As noted earlier, algae utilize the process of photosynthesis to convert energy from sunlight into the chemical energy used to sustain itself. Part of the process of photosynthesis involves the release of oxygen into the environment during the daylight hours. In this case, the algae living in the Fox River release oxygen into the water during the daytime. However, at night, those same algae plants pull dissolved oxygen from the water. When algae concentrations are exceedingly high, wild swings in dissolved oxygen levels occur between the day and night time periods with extremely high (superoxygentated) levels occurring during the day and very low (hypoxic) conditions occurring during the night. If nighttime dissolved oxygen levels fall below critical levels, fish kills can result.
Even if dissolved oxygen levels don’t fall below the critical levels necessary to sustain fish life, the stress put on the fish by the wild swings in oxygen availability leave them more open to disease and infection which also can cause fish kills long after oxygen levels have stabilized. When algae blooms occur later in the summer into the early fall period, as is happening on the Fox River right now, the daily swings in dissolved oxygen that go along with them stresses the river’s fish and degrades their physical condition to a degree that might inhibit their ability to survive the winter.
Do algae blooms have any negative effects on people?
Outside of creating an ugly, smelly appearance and potentially killing fish that people enjoy catching and using for food, algae blooms on the Fox River cost people money and create potential public health problems. Over 250,000 people in the Fox River Valley get at least a portion of their drinking water from the Fox River. The 2004 State of the Fox River Report reports:
High levels of nutrients such as phosphorous can lead to increased algae populations. Increased algae populations, in turn, reduce drinking water quality. More specifically, most of the off tastes and odors that are associated with river water are due to algal biosynthetic compounds such as methyl-isoborneol (MIB) and geosmin. Odor and taste problems caused by algae can be controlled with treatment with carbon; however, it is not (accomplished) without substantial costs incurred at water treatment plants. . . Another unwanted by-product of algae is that they can release algal toxins into the water. High concentrations of potentially toxic cyanobacteria are present in raw water samples and these algae can produce liver toxins and neurotoxins that can affect the heart, brain, and respiration…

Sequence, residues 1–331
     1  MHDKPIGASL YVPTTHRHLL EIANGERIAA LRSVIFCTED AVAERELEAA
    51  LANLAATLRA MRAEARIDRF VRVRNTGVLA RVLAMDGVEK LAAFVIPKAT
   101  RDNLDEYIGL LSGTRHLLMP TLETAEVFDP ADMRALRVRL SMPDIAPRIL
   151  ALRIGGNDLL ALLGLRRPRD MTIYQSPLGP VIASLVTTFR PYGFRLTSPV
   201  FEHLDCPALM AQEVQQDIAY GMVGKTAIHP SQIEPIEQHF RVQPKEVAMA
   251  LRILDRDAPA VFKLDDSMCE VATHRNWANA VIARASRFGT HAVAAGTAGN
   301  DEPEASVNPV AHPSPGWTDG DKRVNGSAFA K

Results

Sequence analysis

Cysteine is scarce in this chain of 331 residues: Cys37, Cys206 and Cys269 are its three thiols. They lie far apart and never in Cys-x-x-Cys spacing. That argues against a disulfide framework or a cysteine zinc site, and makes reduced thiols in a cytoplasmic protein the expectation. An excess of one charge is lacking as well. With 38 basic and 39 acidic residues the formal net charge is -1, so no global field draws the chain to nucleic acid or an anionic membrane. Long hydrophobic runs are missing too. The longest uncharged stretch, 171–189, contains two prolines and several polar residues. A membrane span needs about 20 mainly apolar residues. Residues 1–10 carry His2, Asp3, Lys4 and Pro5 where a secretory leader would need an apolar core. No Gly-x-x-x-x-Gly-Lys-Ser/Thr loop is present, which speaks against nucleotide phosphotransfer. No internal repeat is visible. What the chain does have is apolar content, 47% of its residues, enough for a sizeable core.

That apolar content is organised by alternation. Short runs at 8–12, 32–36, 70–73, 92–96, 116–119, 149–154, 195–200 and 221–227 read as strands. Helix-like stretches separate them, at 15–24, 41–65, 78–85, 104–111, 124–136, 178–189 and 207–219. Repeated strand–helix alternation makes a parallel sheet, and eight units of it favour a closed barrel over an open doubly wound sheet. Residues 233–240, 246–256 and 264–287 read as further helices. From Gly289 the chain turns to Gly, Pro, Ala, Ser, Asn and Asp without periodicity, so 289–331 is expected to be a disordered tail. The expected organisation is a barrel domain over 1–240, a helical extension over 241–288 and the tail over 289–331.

What can be done to mitigate the problem?
In the immediate term, we can’t do too much to control the current algae bloom outside of praying for rain…and lots of it at regular intervals. Over the longer haul, we can attempt to influence the conditions that make severe algae blooms possible. Since we can’t control the weather, we need to focus our efforts on limiting the inputs of nutrients, particularly nitrogen and phosphorous, into the river.
As citizens, we can make ourselves aware of the standards that wastewater treatment plants are held to regarding the quality of the effluent they discharge into the river and make sure that our legislators don’t relax those standards in the name of false economic savings.
We can encourage responsible growth in our area and ensure that additions in population are compensated by additional capacity at municipal wastewater treatment plants.
We can make ourselves aware of the types of chemicals we put on our lawns and fields and encourage their responsible, minimal use.
We can control the types of household detergents we use (always buy phosphate free soap) to minimize household discharges of algae promoting chemicals.
We can encourage the elimination of unnecessary dams on the river that provide pools of stagnant, warm water which is perfect for cultivating a bumper crop of algae.
Finally, we can make our neighbors aware of the problems listed above that are occurring within our watershed of which severe algae blooms are a symptom. Increasing awareness among our fellow citizens is probably the best way we can make a difference in improving the health of our river and in improving the quality of life for all residents of the Fox River watershed.
Let’s make a difference!